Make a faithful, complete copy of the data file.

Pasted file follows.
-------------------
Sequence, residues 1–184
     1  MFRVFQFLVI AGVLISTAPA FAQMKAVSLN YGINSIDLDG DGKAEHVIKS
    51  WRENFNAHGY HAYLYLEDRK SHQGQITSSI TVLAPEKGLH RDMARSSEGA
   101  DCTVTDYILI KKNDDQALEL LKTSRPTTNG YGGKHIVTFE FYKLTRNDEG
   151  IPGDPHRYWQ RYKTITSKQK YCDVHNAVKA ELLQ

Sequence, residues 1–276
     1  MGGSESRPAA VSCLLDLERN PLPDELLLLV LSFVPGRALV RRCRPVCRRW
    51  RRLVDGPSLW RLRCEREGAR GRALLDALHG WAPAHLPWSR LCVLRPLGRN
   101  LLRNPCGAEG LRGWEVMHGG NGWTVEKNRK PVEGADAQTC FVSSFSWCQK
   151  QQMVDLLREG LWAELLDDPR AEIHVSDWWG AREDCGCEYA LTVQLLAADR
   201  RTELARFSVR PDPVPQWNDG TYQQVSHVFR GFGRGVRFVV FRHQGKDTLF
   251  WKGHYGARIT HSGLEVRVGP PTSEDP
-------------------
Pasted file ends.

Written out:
Sequence, residues 1–184
     1  MFRVFQFLVI AGVLISTAPA FAQMKAVSLN YGINSIDLDG DGKAEHVIKS
    51  WRENFNAHGY HAYLYLEDRK SHQGQITSSI TVLAPEKGLH RDMARSSEGA
   101  DCTVTDYILI KKNDDQALEL LKTSRPTTNG YGGKHIVTFE FYKLTRNDEG
   151  IPGDPHRYWQ RYKTITSKQK YCDVHNAVKA ELLQ

Sequence, residues 1–276
     1  MGGSESRPAA VSCLLDLERN PLPDELLLLV LSFVPGRALV RRCRPVCRRW
    51  RRLVDGPSLW RLRCEREGAR GRALLDALHG WAPAHLPWSR LCVLRPLGRN
   101  LLRNPCGAEG LRGWEVMHGG NGWTVEKNRK PVEGADAQTC FVSSFSWCQK
   151  QQMVDLLREG LWAELLDDPR AEIHVSDWWG AREDCGCEYA LTVQLLAADR
   201  RTELARFSVR PDPVPQWNDG TYQQVSHVFR GFGRGVRFVV FRHQGKDTLF
   251  WKGHYGARIT HSGLEVRVGP PTSEDP